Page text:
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Viral Meningitis

Last Updated: Mar 1, 2019


Viral meningitis is the most common form of meningitis, which is inflammation of the tissue that lines the brain and spinal cord. Other causes of meningitis include bacteria, fungi and non-pathogenic triggers of inflammation. The initial phase of the disease is marked by flu-like symptoms, such as fever and body ache. As the disease progresses, characteristic symptoms of headache and stiff neck develop. Most healthy individuals show no symptoms or recover over a few weeks without medical intervention. However, infants and patients with compromised immunity are at greater risk of severe illness. The bacterial form of meningitis is a more serious disease and carries the risk for complications, including brain damage and death.

Causes and Risk Factors

Viral meningitis is caused by a variety of viruses, including enteroviruses, herpesviruses, arboviruses (West Nile virus), measles virus, mumps virus, influenza virus, lymphocytic choriomeningitis virus and human immunodeficiency virus (HIV). The two common causes of viral meningitis in the United States are the following.

  • Enteroviruses: Enteroviruses (e.g., echovirus and coxsackievirus) are the main cause of meningitis in the United States. These viruses live in the digestive tract and reach peak infection numbers during late summer and early fall. Enteroviruses commonly infect children and transmit easily by the hands and mouth through infected droplets.
  • Herpesviruses: Herpesviruses (e.g., herpes simplex viruses and varicella zoster virus) commonly cause meningitis in adolescence and adults. These viruses transmit via contact with infected sores and blisters on the skin. Meningitis is typically associated with herpes simplex virus type 2 (HSV-2), a sexually transmitted virus that causes genital blisters.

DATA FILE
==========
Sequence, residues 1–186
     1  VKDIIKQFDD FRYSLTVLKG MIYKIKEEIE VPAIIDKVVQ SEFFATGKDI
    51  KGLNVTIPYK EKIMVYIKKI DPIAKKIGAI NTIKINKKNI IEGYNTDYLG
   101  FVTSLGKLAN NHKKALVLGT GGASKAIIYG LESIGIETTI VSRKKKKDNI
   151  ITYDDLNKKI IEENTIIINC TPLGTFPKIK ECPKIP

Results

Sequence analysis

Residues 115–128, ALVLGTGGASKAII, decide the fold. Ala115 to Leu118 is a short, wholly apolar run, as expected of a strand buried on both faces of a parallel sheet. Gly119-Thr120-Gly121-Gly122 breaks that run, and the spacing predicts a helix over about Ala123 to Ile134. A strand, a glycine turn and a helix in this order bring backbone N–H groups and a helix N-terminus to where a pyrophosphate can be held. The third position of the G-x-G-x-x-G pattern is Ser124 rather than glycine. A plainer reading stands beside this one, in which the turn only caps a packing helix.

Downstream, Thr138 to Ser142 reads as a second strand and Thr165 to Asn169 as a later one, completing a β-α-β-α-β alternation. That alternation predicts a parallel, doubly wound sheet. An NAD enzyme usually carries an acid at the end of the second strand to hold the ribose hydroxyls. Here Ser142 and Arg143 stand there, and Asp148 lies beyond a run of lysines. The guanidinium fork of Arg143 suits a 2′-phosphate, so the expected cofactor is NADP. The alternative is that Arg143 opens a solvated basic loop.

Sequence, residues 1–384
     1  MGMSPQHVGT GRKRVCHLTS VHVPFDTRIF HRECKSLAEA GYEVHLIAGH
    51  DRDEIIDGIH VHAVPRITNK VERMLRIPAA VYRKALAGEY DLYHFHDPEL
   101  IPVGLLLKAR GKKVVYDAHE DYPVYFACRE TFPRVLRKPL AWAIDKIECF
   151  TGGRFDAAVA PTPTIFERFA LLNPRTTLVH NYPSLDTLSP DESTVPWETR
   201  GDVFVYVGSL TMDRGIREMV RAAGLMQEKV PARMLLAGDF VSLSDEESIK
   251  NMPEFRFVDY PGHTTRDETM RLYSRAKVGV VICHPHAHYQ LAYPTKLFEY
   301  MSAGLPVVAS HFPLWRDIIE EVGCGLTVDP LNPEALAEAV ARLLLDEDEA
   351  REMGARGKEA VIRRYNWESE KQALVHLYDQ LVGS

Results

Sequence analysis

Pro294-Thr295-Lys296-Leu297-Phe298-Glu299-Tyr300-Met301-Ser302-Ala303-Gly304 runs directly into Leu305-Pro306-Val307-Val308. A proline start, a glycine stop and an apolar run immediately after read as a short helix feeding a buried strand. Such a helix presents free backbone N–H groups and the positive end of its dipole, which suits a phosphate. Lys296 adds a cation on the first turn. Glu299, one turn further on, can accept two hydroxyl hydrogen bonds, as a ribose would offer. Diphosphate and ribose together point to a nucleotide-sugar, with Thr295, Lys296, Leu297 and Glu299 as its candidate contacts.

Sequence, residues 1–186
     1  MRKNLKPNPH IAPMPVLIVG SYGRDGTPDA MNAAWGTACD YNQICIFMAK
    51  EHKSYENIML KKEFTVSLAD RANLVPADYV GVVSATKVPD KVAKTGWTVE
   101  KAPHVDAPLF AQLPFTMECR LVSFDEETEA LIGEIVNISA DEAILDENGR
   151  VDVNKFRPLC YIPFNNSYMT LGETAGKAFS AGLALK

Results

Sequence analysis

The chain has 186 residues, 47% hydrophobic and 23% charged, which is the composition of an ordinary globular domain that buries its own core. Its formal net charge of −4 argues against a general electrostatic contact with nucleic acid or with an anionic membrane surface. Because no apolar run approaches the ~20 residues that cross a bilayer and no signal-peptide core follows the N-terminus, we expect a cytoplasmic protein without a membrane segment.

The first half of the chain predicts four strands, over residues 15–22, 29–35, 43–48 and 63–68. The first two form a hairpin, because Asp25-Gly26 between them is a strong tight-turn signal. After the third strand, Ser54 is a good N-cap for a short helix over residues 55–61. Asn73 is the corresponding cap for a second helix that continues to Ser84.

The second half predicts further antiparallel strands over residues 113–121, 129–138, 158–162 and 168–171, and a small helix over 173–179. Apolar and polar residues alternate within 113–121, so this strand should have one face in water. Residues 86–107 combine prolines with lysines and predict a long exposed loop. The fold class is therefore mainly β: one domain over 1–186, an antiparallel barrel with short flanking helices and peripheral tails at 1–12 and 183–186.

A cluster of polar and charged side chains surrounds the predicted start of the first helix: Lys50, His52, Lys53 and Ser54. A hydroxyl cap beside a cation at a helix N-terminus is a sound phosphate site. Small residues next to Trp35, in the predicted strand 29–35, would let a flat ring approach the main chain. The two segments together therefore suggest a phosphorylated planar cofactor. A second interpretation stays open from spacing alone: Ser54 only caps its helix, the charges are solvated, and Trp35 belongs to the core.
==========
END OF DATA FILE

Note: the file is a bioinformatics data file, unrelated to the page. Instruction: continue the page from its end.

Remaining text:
The route of transmission varies depending on the virus.

  • Blood: Direct contact with open skin on an infected person allows transmission through blood. This is the most common means of transmission.
  • Air: Inhaling infected droplet in the air allows some viruses to infect new hosts.
  • Stool/vomit: Enteroviruses transmit via contact with vomit or stool from an infected person. Rapid transmission occurs in public swimming pools, childcare centers and other crowded places.
  • Sexual intercourse: Herpesviruses transmit via direct contact with open sores on the genital of an infected person.
  • Mosquito: West Nile virus and other arboviruses transmit through an intermediate host, such as a mosquito. Humans become infected after getting bitten by the insect.
  • Rodents: The lymphocytic choriomeningitis virus spreads via urine, stool or saliva from infected rodents (e.g., pet mice or hamster). Infected droplets can contaminate water, food or dust, which transmit virus when ingested.

Risk factors for viral meningitis include the following:

  • Age: Children younger than age five are at increased risk of viral meningitis. Infants younger than one month old can develop severe meningitis.